Santander “seizes the spotlight” by cutting selected fixed rate mortgage deals

Santander has made cuts on a selected range of residential and buy-to-let (BTL) deals, by as much as 0.21% on some rates.

The changes come into effect from Thursday 28th March.

Selected residential fixed rates for new business were reduced by between 0.02% and 0.21%.

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Selected BTL fixed rates for new business were reduced by between 0.02% and 0.12%.

Brokers looking to secure any of the current rates should submit applications by 10pm tonight (Wednesday 27th March).

Newpage asked brokers for their views on these cuts, if they go far enough, and if there are more cuts due from major lenders before Easter.


Charles Breen, founder at Montgomery Financial:

“Santander seizes the spotlight by slashing rates. Is this the beginning of a stampede of rate cuts we are about to see?

“Have lenders finally grown a backbone and started doing what we were all crying out for?

“While the cuts are small, they’re better than nothing. When are we going to see more lenders joining the mortgage joust?

“Or is it only Santander and Barclays who are going to get all the glory?”

Ying Tan, CEO at Habito:

“It is great to see the direction of travel. Well done Santander for following a number of other lenders cutting rates.

“However, in the interest of consumers, we need more and larger cuts to really get the market moving during the important spring period.”

Elliott Culley, director at Switch Mortgage Finance:

“Santander are the latest lender to join the party with a handful of rate reductions.

“They have also spread the love to landlords by reducing the rates for their buy-to-let range as well.

“Expect more lenders to join in as they start to get FOMO.”

Stephen Perkins, managing director at Yellow Brick Mortgages:

“Some good news from Santander ahead of the Easter Bank Holiday, with the lender reducing their rates for new business on residential and buy-to-let products.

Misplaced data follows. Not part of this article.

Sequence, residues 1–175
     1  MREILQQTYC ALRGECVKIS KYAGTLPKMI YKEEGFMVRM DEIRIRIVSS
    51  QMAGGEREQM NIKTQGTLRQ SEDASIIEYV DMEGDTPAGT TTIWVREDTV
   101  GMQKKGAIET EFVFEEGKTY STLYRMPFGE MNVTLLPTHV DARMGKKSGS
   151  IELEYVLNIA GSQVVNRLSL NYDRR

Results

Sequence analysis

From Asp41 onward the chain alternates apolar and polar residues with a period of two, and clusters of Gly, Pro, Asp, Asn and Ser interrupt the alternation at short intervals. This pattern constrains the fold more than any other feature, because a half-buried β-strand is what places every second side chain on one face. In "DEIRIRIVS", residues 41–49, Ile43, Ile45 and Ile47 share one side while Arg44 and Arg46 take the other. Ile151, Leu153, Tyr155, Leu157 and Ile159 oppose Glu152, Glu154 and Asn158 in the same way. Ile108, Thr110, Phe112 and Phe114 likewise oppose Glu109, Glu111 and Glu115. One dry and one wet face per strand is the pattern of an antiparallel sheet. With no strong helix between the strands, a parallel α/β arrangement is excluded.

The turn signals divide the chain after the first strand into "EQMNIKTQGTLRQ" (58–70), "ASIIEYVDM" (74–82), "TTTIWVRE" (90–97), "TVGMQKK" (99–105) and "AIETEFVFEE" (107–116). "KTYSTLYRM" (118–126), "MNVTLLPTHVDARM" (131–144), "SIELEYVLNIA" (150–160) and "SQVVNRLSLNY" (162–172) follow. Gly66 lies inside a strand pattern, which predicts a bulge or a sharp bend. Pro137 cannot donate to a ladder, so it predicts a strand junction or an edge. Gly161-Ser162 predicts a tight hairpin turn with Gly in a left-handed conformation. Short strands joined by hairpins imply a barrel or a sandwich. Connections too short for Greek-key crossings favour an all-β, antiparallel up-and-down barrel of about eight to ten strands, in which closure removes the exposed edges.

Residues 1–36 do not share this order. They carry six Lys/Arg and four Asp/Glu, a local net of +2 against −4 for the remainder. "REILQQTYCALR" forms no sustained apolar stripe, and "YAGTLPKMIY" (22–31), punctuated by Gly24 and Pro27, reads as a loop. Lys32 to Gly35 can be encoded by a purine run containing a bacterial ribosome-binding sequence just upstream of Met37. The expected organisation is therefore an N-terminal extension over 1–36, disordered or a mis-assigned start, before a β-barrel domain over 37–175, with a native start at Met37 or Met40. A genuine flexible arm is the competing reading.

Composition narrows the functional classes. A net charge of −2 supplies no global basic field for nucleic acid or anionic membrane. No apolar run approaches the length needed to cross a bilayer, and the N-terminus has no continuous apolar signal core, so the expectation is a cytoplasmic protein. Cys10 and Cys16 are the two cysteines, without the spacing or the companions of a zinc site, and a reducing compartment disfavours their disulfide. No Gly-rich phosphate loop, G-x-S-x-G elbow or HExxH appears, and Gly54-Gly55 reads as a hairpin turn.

“These again look like business level management reductions rather than hopping out in front of the competition.”

Lewis Shaw, owner and mortgage expert at Shaw Financial Services:

“It’s a relief to see that lenders are finally beginning to cut rates.

“While they aren’t falling by huge margins, it’s at least going in the right direction.

“Fingers crossed, this stimulates a bit of competition, and we see the big six jostling for position in the coming weeks.”

Gary Bush, financial adviser at

“Santander has the feel-good factor over market conditions it seems as they drop some fixed rates by up to 0.21% taking effect from this Thursday.

“As this week develops the mortgage rate war is raging hotter and hotter as lenders fight to maintain their market share of applications.”

Hannah Bashford, director at Model Financial Solutions:

“Another hectic day of rate tweaking, but thank you Santander for simply reducing some of your rates and not increasing some.

“Constant rate hokey cokey by a few base points is tiresome and confusing.

“Lets hope this is the start of a positive change to rates and after the Easter bank holiday we see some serious [competition] hotting up!”

Rohit Kohli, director at The Mortgage Stop:

“It’s been a busy day today with many lenders making tweaks to their products.

“We still haven’t seen lenders reduce by as much as the movement in swaps and gilts.

“Perhaps they don’t want a slew of applications just before the Easter break when many will have reduced staff?”

Mark Robinson, managing director at Albion Forest Mortgages:

“In a refreshing plot twist to the turbulent story that has been 2024, we have seen a torrent of rate reductions this week.

“Hopefully this shows improved confidence in the market, and we start seeing lower rates for the remainder of the year.”

Ben Perks, managing director at Orchard Financial Advisers:

“As another lender enters the fray, I’m starting to feel optimistic about the weeks ahead.

“Swap rates have been reducing and some lenders are starting to pass those savings on to the borrower.

“If this keeps up, we’ll be back on track and the pressure on the Bank of England to drop the base rate will start to become unbearable.”